He graduated from Bemidji State University with a B.F.A. degree in painting in 1985, and has painted full-time since 1988, when he earned his M.F.A. degree in painting on full fellowship from Southern Illinois University Edwardsville. Paquette’s landscape paintings have been exhibited across the United States, and were featured in more than fifty solo exhibitions at prominent art galleries in Chicago, Minneapolis, Philadelphia, New York City, and Washington D.C. Solo museum exhibitions of his work were mounted at Erie Art Museum, Evansville Museum of Art and Science, Georgia Museum of Art, Quick Center for the Arts, The Rockwell Museum, The Westmoreland Museum of American Art, and Wildling Art Museum.

Commissions include major paintings created for the Federal Reserve Bank of Minneapolis, and the States of Minnesota, Montana, and Maine. He is the recipient of awards and honors including visiting artist residencies at the American Academy in Rome, the Aegean Arts and Cultural Exchange (Greece), three U.S. national parks (Acadia, Yosemite, and Rocky Mountain), Blue Mountain Center, and Miami on a three-year residency-fellowship at the National Foundation for Advancement in the Arts. His paintings are in numerous public, corporate, and private collections, and he has lectured abroad at universities in England, Wales, and Greece.

Reception, Friday, June 7, 5-8 p.m.

Gallery talk: Saturday, June 8, 1-3 p.m. (Mr. Paquette’s talk will immediately follow the Biennial juror’s talk, which starts at 1 p.m.)

America’s River Re-Explored was previously exhibited at the Minnesota Marine Art Museum in Winona and the Watermark Art Center in Bemidji. The exhibition is generously sponsored in Dubuque by Cottingham & Butler.

Image credit: Thomas Paquette, Cross Traffic, 2017, oil on linen, 30 x 34, courtesy of artist

Madai Taylor: An Elegy to America in Black and White

January 25, 2019 - April 28, 2019

Madai Taylor

Fort Dodge, Iowa artist Madai Taylor presents a moving exhibition of sculptural works on paper from his series, An Elegy to America in Black and White, on view on the museum’s Amuse Bouche balcony gallery.

Layers of rich black dirt, cotton rope, and paint on roofing tar paper are the foundation materials used by Taylor to construct this stratified body of work. Using locally sourced soil and gypsum, he achieves a range of tones and textures. Although his images exist within the vocabulary of painting, the works have a strong sculptural aesthetic with visually complex surfaces and powerful symbolism. He calls his artistic process “primitive scripture.” The tactile accumulation of physical earth reveals a bold commentary on modern life built from religious faith.

Taylor felt compelled to create this series in response to the proliferation of senseless violence against young black men in recent years. He sees this as spiritual problem, as he explained, “Any Christian should see this is deeper than race — this is a spiritual issue. Because anyone that’s a Christian or promotes the love of God has to recognize regardless of race, inhumane treatment of any soul is not showing forth the love that Christ promoted.”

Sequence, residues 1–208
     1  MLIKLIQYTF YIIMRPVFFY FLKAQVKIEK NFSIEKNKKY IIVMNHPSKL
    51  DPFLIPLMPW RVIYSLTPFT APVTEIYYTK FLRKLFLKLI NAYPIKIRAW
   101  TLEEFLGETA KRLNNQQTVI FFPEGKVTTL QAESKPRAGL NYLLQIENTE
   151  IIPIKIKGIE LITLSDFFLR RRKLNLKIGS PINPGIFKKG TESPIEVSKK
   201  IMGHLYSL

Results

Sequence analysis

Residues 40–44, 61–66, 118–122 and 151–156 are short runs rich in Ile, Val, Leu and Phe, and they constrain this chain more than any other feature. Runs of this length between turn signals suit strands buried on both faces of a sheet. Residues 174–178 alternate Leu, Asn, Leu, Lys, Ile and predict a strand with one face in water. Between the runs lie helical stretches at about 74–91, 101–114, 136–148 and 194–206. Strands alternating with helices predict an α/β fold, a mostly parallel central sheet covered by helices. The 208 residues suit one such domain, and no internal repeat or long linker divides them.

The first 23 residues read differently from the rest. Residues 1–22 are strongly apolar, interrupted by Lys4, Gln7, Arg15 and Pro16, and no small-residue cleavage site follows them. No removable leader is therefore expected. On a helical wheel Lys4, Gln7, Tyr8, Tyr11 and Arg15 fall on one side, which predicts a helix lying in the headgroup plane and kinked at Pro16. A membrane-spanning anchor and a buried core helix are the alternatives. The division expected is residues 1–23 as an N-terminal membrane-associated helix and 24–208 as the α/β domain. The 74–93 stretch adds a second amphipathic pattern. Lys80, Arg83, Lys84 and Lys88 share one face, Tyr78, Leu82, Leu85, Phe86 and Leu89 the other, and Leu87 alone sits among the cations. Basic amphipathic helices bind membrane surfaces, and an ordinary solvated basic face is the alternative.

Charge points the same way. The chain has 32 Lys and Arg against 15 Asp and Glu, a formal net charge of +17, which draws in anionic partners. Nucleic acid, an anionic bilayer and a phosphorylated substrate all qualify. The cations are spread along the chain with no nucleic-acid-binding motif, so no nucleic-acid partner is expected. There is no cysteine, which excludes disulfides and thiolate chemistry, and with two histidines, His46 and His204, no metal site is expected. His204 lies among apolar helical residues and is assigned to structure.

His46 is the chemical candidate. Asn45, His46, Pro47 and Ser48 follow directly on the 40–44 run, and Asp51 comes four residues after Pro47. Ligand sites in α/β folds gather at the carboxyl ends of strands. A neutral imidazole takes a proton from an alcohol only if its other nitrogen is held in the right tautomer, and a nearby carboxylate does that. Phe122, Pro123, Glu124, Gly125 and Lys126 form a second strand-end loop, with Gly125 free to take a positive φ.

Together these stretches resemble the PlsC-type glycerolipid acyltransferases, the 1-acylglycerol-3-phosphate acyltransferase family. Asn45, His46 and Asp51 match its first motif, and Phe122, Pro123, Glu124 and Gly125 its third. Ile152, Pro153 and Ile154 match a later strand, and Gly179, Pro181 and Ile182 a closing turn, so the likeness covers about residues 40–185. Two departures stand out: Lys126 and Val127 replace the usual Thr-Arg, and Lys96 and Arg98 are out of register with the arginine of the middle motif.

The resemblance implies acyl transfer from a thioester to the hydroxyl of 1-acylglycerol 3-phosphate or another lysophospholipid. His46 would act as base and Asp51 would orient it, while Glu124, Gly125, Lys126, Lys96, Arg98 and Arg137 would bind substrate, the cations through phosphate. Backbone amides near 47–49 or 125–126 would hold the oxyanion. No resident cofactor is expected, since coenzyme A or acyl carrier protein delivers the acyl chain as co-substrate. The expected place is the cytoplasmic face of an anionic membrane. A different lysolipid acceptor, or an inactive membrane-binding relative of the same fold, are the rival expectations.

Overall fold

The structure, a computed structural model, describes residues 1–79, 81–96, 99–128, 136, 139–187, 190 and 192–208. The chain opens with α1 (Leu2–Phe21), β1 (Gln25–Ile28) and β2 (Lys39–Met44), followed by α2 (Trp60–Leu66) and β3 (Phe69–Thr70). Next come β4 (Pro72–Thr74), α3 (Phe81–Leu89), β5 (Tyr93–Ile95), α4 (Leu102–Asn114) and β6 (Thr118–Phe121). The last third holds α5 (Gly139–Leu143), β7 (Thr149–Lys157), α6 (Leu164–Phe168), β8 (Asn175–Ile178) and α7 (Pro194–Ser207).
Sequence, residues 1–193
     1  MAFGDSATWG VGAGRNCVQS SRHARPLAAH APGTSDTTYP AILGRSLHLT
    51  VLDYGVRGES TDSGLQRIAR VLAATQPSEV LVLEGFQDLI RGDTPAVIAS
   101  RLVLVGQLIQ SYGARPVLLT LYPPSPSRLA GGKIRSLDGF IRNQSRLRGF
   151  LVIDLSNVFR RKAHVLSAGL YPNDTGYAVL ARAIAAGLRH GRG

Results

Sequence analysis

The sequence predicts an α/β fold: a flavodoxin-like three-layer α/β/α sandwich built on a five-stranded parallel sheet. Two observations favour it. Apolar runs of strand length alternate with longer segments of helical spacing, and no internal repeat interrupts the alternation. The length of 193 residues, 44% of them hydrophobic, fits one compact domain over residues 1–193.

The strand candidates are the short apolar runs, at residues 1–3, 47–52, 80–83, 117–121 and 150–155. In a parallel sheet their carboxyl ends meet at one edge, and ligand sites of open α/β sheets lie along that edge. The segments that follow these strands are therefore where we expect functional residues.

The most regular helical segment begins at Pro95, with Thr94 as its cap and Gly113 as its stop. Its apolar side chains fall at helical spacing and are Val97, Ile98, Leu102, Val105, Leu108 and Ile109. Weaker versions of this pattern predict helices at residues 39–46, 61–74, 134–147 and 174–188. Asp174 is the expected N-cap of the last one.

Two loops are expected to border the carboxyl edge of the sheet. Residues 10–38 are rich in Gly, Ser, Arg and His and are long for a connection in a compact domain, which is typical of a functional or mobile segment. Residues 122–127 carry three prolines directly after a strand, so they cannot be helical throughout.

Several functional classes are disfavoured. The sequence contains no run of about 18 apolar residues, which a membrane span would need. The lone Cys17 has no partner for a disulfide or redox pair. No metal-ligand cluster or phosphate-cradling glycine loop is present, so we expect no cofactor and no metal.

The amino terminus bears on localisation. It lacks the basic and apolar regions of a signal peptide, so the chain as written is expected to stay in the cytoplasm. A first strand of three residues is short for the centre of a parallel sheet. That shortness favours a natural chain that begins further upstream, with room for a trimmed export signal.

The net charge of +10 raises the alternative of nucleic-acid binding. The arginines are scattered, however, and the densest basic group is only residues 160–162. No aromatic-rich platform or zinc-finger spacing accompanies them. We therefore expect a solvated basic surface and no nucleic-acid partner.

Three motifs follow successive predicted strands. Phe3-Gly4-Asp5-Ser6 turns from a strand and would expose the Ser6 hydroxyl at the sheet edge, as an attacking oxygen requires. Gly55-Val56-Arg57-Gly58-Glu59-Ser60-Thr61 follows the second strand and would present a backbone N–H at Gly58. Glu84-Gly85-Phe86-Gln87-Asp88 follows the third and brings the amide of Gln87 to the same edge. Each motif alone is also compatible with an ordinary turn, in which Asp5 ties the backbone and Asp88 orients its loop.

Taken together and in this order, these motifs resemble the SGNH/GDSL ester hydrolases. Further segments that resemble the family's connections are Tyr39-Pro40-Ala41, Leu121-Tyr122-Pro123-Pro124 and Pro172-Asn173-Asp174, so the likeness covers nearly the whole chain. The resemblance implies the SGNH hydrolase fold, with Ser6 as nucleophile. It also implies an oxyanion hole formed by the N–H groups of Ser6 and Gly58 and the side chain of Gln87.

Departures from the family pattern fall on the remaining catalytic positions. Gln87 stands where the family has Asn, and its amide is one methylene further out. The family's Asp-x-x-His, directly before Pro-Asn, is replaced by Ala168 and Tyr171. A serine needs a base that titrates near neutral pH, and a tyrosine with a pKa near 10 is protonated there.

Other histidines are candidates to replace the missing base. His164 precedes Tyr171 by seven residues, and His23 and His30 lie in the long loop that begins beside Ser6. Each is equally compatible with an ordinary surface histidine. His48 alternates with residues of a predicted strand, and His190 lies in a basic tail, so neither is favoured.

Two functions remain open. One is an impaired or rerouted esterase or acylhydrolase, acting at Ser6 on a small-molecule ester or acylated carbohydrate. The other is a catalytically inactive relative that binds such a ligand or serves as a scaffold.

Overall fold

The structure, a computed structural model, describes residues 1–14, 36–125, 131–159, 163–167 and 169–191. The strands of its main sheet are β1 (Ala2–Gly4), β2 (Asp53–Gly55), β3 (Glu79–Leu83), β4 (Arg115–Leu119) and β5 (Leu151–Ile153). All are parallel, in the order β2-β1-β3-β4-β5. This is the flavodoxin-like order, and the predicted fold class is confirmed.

Taylor was born in Lake Village, Arkansas. In addition to working as a full-time artist, he is also the bishop at Agape Kingdom Dominion Ministries in Fort Dodge. He has exhibited extensively and worked in a curatorial capacity in Iowa, Idaho, Georgia, Illinois, and Arkansas.

Image credit: Madai Taylor, “The Black Holocaust,” (detail) 2016, Iowa earth on roofing paper, 48×48 in., collection of the artist

African American Art in the 20th Century from the Collection of the Smithsonian American Art Museum

January 19, 2019 - April 21, 2019

African American Art in the 20th Century

African American Art in the 20th Century presents a selection of 50 paintings, sculpture, and prints by thirty-six black artists who explored the African American experience from the Harlem Renaissance through the Civil Rights era and the decades beyond, which saw tremendous social and political changes. In response, these artists created an image of America that recognizes individuals and community and acknowledges the role of art in celebrating the multivalent nature of American society.

African American Art in the 20th Century is a traveling exhibition organized by the Smithsonian American Art Museum. The C.F Foundation in Atlanta supports the museum’s traveling exhibition program, Treasures to Go. The William R. Kenan Jr. Endowment Fund provided financial support. The exhibition is curated by Smithsonian American Art Chief Curator, Virginia Mecklenburg. Most of the artworks in the exhibition are drawn from the Smithsonian American Art Museum’s rich collection of African American art. Three works by Elizabeth Catlett are loaned from the University of Iowa Stanley Museum of Art collection through the support of Legacies for Iowa: A University of Iowa Museum of Art Collections-Sharing Project, supported by the Matthew Bucksbaum Family. Support for the exhibition at the Dubuque Museum of Art is generously provided by Art Bridges.

Image credit: Sargent Johnson, Mask, ca. 1930-1935, copper on wood base, 15 ½ x 13 ½ x 6 inches, Smithsonian American Art Museum, Gift of International Business Machines Corporation, 1966.27.4